Eye Business Editor
WEST END ROAD – A project eight years in the making ground was broken last Wednesday on the Mill Yard’s pending 20,000 sq. ft. warehouse and sales facility at West End Road.
It’s a big move for owners Laurie Mark and Tanka Chase, who purchased the former undeveloped ag land across from Britt Lumber in 2002, intending to expand out of their 9,000 sq. ft. leased building in the Bracut Industrial Park along U.S. Highway 101.
Since then, the local and national economy has been riding a virtual roller coaster, where the construction industry has moved from boom to bust. But even more difficult has been landing adequate credit to fund the $2.5 million project. After working through several outlets, the Mill Yard switched to Redwood Capital Bank in the winter. And the Mill Yard switched back into gear.
“In the past, it would not have been the appropriate time,” Mark said of attempting to build during a down market. While the building industry hasn’t come anywhere near its late-90s giddiness, the owners see things improving. “And sometimes you have to go with your gut.”
Gut-checks aside, the City’s Community Development department stepped in after acquiring a $229,000 state redevelopment grant. Bringing in 15 workers, with the capacity to expand, to Arcata meshed with Director Larry Oetker’s mantra of “living wage jobs” in Arcata. Community Development was motivated to help jumpstart the project. “They have been wonderful to work with,” Mark said. “They have welcomed us with open arms.”
So why the move? “There’s no more playing chicken on the freeway,” Mark said. The building material wholesaler has been having clients and delivery trucks make an abrupt slowdown to in order to hit the mid-city turnoff on U.S. Highway 101. It’s dangerous. The comparatively easy State Route 299 location beckoned with street speeds at a mellow 25 miles per hour. Additionally, the Mill Yard collaborates on contractor needs with the nearby Almquist Lumber and Humboldt Fasteners. Giving builders a neighborhood cluster is advantageous for the industry.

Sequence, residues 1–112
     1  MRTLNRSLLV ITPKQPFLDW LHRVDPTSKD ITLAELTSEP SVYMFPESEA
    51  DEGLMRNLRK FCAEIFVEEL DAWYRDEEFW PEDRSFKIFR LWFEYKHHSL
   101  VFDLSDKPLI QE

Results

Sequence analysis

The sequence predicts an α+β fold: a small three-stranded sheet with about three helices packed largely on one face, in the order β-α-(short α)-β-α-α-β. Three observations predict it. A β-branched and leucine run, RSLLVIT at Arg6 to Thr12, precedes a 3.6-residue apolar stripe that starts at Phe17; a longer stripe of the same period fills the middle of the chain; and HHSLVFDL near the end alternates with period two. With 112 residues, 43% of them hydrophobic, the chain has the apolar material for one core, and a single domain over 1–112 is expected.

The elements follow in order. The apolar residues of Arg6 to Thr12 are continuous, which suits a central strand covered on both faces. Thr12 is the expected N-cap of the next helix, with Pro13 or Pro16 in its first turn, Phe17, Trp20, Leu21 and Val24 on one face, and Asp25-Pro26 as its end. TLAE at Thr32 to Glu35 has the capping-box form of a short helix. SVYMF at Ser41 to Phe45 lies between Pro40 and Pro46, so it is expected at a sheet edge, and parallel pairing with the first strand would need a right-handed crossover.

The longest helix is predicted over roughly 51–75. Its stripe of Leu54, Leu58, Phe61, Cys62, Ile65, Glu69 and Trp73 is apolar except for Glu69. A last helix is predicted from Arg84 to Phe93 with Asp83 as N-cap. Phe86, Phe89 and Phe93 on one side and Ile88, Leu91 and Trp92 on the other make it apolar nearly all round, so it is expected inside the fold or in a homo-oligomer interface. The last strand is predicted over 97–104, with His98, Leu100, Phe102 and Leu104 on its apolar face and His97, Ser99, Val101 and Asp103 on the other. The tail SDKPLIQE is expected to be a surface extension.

Mark said Arcata’s renewed push to develop and beautify Valley West was attractive, as well. In particular, Mark applauded the pending Mad River Park on Zanzi property, calling it “a wonderful coup.”
The Mill Yard has been renting a cramped structure, blown by cold winds and marsh mud, the place is a dirtier than Mark likes.
In the interim, Arcata passed Measure G, the three-quarter percent Arcata sales tax used to fund Public Works and Arcata Police Department projects. Often working in big-volume sales on budgets, the Mill Yard was less enthused about the potential impact to sales. “It concerns me in general. You can’t keep coming back to us taxpayers. Have I lost sleep over it? No, I haven’t. It isn’t huge.”
Having dealt with late-night theft at the unsupervised Mill Yard for years, the recent addition of full-time APD staffing at Valley West – funded by Measure G Transaction and Use Tax funds, could end up protecting the new shop’s bottom line.
Construction on the Kash Boodjeh Architect-designed building is expected by the end of 2010.